Judge upholds West Tisbury con com on revetment denial

Judge upholds West Tisbury con com on revetment denial

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The point of land that is the subject of the lawsuit is just west of The Trustees of Reservation's Long Point Reservation. — Photo courtesy of Google Earth

The West Tisbury conservation commission (ConCom) won the latest legal round in a long-running battle with a Tisbury Great Pond property owner who was denied permission to construct a stone revetment to protect his property from erosion.

In a decision dated November 29, 2012, Dukes County Superior Court Justice Cornelius J. Moriarty II upheld the conservation commission’s September 13, 2011, denial of a request by Endofthedirtroad, LLC “to construct a stone revetment in protected wetlands to defend adjacent residential property against coastal erosion.”

Wesley and Lynn Edens own the house, which is west of Long Point on the east side of Tisbury Great Pond, at the end of a point of land. Court records said the house is 88 feet from the water and, “There is no dispute that the property has lost approximately two feet per year to erosion since 1988.”

Mr. Edens, chairman of the board of Newcastle Investment and chief executive of Fortress Investment Corporation, initially proposed to build a 255-foot stone revetment. Later, during the ConCom review process, he agreed to reduce the length to 170 feet. He also agreed to provide 38 cubic yards of beach nourishment to address concerns that the absence of his eroding bank would deprive other areas of the pond of beach nourishment.

However, the main point of contention between Mr. Edens and the ConCom was the stone revetment. The ConCom wanted Mr. Edens to try so-called soft measures to protect the bank, for example coir fiber rolls made of tightly bound cylinders of coconut fiber.

Mr. Edens presented testimony to the ConCom in the public hearing phase, that fiber rolls would not be sufficient, according to court documents.

Mr. Edens appealed the denial of his state permit to Massachusetts Department of Environmental Protection (DEP) and filed suit against the town in Dukes County Superior Court over the denial of the local permit.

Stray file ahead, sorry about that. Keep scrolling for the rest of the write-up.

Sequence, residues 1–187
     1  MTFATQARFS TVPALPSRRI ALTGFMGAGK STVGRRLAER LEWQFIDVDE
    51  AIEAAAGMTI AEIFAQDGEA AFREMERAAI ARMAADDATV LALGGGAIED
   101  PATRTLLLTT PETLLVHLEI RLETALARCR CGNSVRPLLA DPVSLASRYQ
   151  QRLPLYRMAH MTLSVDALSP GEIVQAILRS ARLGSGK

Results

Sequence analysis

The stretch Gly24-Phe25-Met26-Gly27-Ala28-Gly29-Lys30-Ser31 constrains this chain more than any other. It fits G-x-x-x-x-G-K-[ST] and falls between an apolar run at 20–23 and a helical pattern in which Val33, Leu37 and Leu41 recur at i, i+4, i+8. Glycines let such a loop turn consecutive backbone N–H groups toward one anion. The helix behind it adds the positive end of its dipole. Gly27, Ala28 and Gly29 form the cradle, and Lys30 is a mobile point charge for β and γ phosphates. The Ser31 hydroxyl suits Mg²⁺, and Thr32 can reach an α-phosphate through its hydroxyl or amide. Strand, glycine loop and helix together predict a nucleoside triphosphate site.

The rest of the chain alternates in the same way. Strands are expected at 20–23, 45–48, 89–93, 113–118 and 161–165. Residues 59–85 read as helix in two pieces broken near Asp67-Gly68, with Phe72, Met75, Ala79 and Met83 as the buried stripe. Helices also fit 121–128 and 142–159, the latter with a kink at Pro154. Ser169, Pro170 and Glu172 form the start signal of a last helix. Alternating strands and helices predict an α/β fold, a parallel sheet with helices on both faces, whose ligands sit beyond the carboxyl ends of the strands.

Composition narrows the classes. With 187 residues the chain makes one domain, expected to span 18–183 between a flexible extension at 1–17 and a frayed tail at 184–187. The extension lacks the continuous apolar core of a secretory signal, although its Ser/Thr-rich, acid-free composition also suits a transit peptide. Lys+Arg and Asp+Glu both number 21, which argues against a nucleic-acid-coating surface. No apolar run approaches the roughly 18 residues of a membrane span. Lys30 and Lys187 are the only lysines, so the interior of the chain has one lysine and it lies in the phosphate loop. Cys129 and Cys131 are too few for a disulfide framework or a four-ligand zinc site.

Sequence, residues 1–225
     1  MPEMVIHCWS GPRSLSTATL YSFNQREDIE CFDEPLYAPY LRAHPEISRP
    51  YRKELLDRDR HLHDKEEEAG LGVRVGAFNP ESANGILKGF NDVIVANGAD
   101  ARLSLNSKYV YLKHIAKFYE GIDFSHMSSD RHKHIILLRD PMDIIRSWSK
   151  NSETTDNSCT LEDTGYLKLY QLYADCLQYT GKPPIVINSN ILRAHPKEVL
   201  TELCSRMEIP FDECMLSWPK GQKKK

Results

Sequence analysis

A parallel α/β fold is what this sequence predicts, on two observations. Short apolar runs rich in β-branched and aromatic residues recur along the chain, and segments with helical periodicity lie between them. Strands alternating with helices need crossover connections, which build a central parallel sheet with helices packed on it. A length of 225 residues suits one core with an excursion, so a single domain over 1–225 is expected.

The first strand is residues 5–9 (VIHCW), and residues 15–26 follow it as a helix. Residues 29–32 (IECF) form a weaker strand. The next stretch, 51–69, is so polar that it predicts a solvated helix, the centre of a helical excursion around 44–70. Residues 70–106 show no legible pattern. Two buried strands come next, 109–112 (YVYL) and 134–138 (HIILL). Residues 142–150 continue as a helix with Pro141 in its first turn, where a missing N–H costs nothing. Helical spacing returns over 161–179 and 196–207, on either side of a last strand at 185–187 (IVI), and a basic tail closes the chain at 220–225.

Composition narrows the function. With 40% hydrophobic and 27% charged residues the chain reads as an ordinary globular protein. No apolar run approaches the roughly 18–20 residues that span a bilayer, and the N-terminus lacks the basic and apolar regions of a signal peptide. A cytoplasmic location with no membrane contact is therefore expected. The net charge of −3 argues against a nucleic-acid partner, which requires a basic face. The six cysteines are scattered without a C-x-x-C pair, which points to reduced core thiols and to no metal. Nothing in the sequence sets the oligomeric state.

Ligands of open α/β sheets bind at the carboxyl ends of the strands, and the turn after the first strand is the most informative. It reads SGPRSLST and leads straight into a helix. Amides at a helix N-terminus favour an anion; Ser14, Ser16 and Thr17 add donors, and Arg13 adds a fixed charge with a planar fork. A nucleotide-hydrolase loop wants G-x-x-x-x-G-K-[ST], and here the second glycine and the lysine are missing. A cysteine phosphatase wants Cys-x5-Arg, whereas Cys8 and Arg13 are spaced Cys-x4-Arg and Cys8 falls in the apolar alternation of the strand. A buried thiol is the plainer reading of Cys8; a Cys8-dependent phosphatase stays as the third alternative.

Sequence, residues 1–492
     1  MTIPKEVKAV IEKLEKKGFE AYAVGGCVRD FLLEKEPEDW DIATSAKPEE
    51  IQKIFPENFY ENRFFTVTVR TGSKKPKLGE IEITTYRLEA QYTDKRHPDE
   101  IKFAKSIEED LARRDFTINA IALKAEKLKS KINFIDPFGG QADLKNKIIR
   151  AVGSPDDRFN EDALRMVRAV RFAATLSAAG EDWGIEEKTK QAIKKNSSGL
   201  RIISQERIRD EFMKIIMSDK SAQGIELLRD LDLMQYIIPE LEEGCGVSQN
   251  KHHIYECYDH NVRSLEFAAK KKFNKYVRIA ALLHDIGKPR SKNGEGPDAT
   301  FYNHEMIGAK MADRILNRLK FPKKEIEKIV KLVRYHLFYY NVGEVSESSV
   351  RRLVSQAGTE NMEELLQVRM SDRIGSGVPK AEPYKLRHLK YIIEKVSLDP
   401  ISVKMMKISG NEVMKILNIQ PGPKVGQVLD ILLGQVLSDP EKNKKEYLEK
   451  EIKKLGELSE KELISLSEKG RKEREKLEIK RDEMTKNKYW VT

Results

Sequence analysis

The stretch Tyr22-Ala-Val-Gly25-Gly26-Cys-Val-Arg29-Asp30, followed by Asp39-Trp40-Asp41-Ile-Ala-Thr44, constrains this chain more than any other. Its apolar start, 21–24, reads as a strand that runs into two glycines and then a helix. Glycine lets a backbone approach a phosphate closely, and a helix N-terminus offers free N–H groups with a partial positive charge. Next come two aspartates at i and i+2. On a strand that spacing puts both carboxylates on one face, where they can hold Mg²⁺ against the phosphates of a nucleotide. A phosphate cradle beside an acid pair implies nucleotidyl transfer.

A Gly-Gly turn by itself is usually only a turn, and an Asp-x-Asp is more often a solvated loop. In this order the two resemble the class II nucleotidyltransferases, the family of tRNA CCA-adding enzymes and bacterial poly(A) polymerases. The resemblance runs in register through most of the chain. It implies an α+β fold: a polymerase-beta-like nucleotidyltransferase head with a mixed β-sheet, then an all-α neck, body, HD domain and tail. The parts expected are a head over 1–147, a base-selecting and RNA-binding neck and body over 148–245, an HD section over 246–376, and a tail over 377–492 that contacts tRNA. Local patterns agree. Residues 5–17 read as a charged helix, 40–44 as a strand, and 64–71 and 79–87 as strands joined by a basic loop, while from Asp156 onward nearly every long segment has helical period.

On January 31, 2011, DEP issued what is known as a “superseding order of conditions,” essentially overruling the earlier West Tisbury conservation commission order.

DEP said the revetment, initially proposed to be 255 feet, must be no more than 135 feet.

In its decision, DEP said, “A number of alternatives to the revetment were evaluated but were rejected due to on-site conditions that reduce the likely feasibility of softer solutions such as coir fiber rolls.”

However, the DEP order was stayed pending a Superior Court decision.

The case was decided on a motion for summary judgement in which the facts are not in dispute and the judge rules on matters of law.

In his ruling, Judge Moriarty highlighted a 2006 West Tisbury bylaw that states that “coastal engineering projects may be permitted only upon a clear showing that no alternative exists to protect from imminent danger a structure that had not been substantially improved or built prior to the effective date of the bylaw.”

The bylaw also emphasizes that the activity must have no adverse effect on bank height, bank stability, wildlife habitat, vegetation, or the use of the bank as a sediment source for adjacent beaches. The ConCom contends that the construction of a revetment would essentially affect other nearby beaches.

Judge Moriarty said, “The commission properly concluded that no structure on the property was in imminent danger from erosion. ‘Imminent’ is defined as ‘liable to happen soon.'”

Judge Moriarty said the ConCom decision was not arbitrary or capricious and that the homeowners had some 30 years to try soft engineering projects before the rate of erosion posed an imminent threat.

“While the LLC did submit some expert testimony that those ‘soft engineering’ alternatives would not succeed in arresting the rate of erosion, the Commission was free to reject that evidence and demand more convincing proof that no feasible alternative to the revetment existed,” Judge Moriarty said.

Amy E. Kwesell of the Boston law firm of Rubin and Rudman represented the town of West Tisbury.

Brian Hurley of the Boston law firm of Rackerman, Sawyer and Brewster represented the Edens. Mr. Hurley could not be reached for comment on the likelihood of an appeal.